10 Things every new parent needs to know

Parenting is one of life’s greatest adventures! Starting out on that journey is exciting and scary in equal measure. There are so many things to learn and remember, and many people are quick to offer advice and opinions on how you should be raising this tiny new person you’ve brought into the world.

But there are some things people don’t tell you. Maybe they think it will scare you, maybe they’ve just forgotten because it’s been so long since their children were tiny. So I’ve compiled a list of ten things every new parent should know.

 

   1. Meconium sticks to EVERYTHING!

Seriously, you think you’ve got it all ready. Nappies sorted, wipes on hand. But then your baby does their first poo. And you realise you could never have been prepared. This substance is like nothing you’ve ever seen before. Thick and black, like something from the depths of hell. My husband described it as like melted licorice, a sticky black mess. You’ll be there with your cotton wool balls and water, and all it will do is smear it around and make a bigger mess! Don’t worry, after that first one it gets easier!

 

2. Boredom

No one will tell you this. It’s not something people like to admit to. But babies don’t really do much. They eat, cry, sleep and poo. And they look adorable. They will run you ragged, and sleep deprivation is an absolute killer and makes you feel like you are constantly on the go in those early days. But when the novelty, for want of a better word, passes, you will find yourself suffering from periods of boredom. They are beautiful, fascinating, wonderful little people. But the days can very easily all run into each other. Like Groundhog Day, except with less sleep and a snuffling, rooting baby instead of an alarm clock. Go out, see old friends or make new ones at Mummy groups. Or just go for a walk. Break up the monotony. You will both feel better for it.

 

3. Cluster feeding

You may have read a hundred parenting books, perused a thousand breastfeeding forums. But nothing can prepare you for the reality of cluster feeding. Most breastfed babies will do this in the evenings. Some can start as early as 3 in the afternoon. But you can pretty much guarantee that you will end up sat on a chair, or on the sofa, with a baby who just feeds and feeds, maybe naps for 5 minutes, and then feeds again. On repeat. For hours. This isn’t a sign that you have no milk. It isn’t a sign that your milk is “no good”, as well meaning friends or relatives will tell you. This is completely normal newborn behaviour. It’s basically baby signalling your body to make more milk, putting in an order for later if you like. It’s tiring, and can be frustrating at times. But it’s a necessary part of most breastfeeding journeys. So just make yourself comfy, get a good supply of snacks and drinks and grab the tv remote. Now would be a good time to catch up on all those favourites you’ve recorded, or start binge watching a new show on Netflix.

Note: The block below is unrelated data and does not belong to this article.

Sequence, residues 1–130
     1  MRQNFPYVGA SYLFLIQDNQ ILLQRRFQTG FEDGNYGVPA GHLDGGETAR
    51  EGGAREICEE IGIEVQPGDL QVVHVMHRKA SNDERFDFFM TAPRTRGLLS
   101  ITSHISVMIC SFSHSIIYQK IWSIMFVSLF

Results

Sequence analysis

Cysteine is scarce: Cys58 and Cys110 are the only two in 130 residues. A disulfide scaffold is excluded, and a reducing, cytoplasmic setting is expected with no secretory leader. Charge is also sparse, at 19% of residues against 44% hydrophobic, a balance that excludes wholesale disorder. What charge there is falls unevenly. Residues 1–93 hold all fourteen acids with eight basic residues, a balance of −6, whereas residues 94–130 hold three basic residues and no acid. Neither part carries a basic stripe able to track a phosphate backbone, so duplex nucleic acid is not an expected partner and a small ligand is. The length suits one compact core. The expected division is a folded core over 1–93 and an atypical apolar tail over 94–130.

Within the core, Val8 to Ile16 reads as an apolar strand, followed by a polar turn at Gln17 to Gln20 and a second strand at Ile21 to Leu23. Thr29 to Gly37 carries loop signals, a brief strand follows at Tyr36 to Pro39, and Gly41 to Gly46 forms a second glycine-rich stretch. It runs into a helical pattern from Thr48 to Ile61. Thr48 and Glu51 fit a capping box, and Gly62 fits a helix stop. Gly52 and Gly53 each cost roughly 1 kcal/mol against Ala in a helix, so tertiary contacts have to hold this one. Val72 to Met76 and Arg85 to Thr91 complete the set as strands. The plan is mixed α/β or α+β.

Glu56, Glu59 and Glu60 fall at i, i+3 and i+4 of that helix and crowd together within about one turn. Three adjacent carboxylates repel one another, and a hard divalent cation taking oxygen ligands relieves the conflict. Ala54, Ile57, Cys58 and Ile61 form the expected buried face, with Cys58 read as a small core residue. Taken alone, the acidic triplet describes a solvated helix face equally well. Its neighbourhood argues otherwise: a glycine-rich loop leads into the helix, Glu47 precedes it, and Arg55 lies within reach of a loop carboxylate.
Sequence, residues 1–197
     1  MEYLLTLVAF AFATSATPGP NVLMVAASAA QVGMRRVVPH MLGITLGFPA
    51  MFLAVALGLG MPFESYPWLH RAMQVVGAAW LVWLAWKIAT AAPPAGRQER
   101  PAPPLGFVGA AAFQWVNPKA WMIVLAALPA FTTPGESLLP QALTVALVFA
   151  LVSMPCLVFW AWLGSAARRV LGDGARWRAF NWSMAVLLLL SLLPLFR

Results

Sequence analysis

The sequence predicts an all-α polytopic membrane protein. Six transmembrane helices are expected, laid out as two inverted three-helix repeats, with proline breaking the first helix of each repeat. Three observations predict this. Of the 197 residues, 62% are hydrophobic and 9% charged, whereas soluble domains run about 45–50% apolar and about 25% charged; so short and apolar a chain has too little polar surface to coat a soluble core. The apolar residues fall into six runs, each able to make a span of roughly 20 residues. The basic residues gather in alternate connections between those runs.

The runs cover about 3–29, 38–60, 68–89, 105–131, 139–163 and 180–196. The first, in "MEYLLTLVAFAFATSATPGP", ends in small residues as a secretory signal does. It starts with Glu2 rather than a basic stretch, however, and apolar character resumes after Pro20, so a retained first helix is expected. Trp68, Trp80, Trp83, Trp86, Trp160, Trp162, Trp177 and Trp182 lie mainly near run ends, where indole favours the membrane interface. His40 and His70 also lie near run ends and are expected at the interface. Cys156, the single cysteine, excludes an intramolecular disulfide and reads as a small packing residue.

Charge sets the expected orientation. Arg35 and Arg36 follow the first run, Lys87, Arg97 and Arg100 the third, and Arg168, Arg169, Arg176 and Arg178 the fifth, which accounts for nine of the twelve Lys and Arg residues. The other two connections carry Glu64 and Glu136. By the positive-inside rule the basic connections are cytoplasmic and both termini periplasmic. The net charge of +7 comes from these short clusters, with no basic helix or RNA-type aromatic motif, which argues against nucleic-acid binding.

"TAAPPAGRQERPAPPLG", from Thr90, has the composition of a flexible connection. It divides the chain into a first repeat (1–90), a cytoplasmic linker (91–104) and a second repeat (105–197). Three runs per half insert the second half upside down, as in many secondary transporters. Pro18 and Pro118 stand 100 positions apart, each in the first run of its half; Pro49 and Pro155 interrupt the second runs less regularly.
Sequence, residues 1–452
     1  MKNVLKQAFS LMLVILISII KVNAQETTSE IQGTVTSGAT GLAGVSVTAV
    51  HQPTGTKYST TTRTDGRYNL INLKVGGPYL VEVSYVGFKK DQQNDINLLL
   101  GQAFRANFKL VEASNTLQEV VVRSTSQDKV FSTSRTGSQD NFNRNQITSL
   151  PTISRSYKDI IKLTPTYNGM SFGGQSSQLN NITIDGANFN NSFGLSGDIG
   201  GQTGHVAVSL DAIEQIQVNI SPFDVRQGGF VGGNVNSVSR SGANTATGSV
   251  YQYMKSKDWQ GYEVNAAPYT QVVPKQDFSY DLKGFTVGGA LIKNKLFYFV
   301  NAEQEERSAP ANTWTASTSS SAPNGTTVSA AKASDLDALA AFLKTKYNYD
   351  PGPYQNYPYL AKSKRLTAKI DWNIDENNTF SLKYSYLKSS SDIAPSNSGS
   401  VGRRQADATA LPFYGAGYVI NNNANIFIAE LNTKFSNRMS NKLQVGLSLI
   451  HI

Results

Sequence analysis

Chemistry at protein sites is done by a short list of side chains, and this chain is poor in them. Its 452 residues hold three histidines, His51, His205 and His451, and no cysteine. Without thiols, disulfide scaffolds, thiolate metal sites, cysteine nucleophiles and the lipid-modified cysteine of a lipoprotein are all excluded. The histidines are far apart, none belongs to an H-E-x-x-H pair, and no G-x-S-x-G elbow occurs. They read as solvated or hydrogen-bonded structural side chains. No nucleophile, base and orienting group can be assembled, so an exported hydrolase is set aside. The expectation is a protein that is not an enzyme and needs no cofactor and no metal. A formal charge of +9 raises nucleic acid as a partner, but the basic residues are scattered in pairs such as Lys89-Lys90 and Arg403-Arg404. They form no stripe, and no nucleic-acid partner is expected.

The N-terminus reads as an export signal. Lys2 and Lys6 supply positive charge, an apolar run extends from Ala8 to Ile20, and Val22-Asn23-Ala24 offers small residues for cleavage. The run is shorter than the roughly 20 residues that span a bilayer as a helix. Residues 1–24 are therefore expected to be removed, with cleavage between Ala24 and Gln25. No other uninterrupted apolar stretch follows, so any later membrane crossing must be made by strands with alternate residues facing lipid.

Oh, and just when you think you’re past the cluster feeding hell, bam! Growth spurt. The first 6 weeks are pretty much one big growth spurt, but they don’t stop there. Buy new cushions. You’ll be spending plenty of time on that sofa 🙂
4. Flashing the postman

Or the Amazon delivery man. Or the Myhermes courier. We’ve all done it. You’re feeding baby, boob out as you’re at home right? No need for discreet feeding here! Baby falls asleep. You sit, enjoying the brief respite, or just finishing up watching that episode of NCIS you’d started. Then there’s a knock at the door. You quickly but carefully lay baby down, and hurry to answer before they decide you’re not in and leave you the dreaded “While you were out” card. You just make it, opening the door just as they’re reaching for their pen. They look up, their eyes widen and then they hurriedly look away, shoving your parcel at you whilst mumbling something incoherent and then practically running back to their van. You close the door, wondering what had got into them, how rude! Then you feel the draft. In the rush to answer the door you’ve forgotten to put your boob away. You’ve treated Postman Pat to a view he’d have to pay good money for at Spearmint rhino. The shame. Next time he knocks at your door, assuming you haven’t scared him away for good, he will probably make some half-hearted attempt at humour, telling you he didn’t recognize you with your clothes on or suchlike. Thus cementing your embarrassment, and you vow never to order anything again, ever. Until you see that new sling that you have to have. And then you pray for a different courier.

 

5. They sleep through. You don’t.

You pray for sleep every night. You reach a point where you would literally give anything for a full nights sleep, or even a few hours more than you’re getting. But then it happens. Your body wakes you from a deep sleep, telling you it’s time baby was awake for a feed. You sit up abruptly, your heart pounding. Baby hasn’t woken. Your boobs feel like they’re about to explode. Why hasn’t baby woken? You look over to where they lie. You can’t just about make out their little profile. You watch them for a minute, trying to see the rise and fall of their little chest. It’s too dark, you can’t see! You reach over, rest your hand on their chest. Hold your breath so you can better detect any movement. You feel their little heart beating under your fingers, feel the reassuring up and down movement of their breathing. You breathe a sigh of relief, try and slow the beating of your own heart as you lie down and try to make the most of this unexpected turn of events.